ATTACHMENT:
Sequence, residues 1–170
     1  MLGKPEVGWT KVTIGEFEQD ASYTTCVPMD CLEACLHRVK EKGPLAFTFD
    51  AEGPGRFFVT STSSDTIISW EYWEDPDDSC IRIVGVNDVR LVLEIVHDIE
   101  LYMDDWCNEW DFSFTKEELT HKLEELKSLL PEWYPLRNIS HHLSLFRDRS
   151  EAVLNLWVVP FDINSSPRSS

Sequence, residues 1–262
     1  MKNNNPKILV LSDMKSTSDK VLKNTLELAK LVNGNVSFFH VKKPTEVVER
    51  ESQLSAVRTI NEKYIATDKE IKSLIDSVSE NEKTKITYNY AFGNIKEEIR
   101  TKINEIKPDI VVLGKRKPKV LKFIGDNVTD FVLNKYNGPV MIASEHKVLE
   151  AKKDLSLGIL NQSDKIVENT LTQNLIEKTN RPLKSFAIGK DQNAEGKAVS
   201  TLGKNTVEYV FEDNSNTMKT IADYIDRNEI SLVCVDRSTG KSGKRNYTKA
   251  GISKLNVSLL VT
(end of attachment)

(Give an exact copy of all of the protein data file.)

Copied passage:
Sequence, residues 1–170
     1  MLGKPEVGWT KVTIGEFEQD ASYTTCVPMD CLEACLHRVK EKGPLAFTFD
    51  AEGPGRFFVT STSSDTIISW EYWEDPDDSC IRIVGVNDVR LVLEIVHDIE
   101  LYMDDWCNEW DFSFTKEELT HKLEELKSLL PEWYPLRNIS HHLSLFRDRS
   151  EAVLNLWVVP FDINSSPRSS

Sequence, residues 1–262
     1  MKNNNPKILV LSDMKSTSDK VLKNTLELAK LVNGNVSFFH VKKPTEVVER
    51  ESQLSAVRTI NEKYIATDKE IKSLIDSVSE NEKTKITYNY AFGNIKEEIR
   101  TKINEIKPDI VVLGKRKPKV LKFIGDNVTD FVLNKYNGPV MIASEHKVLE
   151  AKKDLSLGIL NQSDKIVENT LTQNLIEKTN RPLKSFAIGK DQNAEGKAVS
   201  TLGKNTVEYV FEDNSNTMKT IADYIDRNEI SLVCVDRSTG KSGKRNYTKA
   251  GISKLNVSLL VT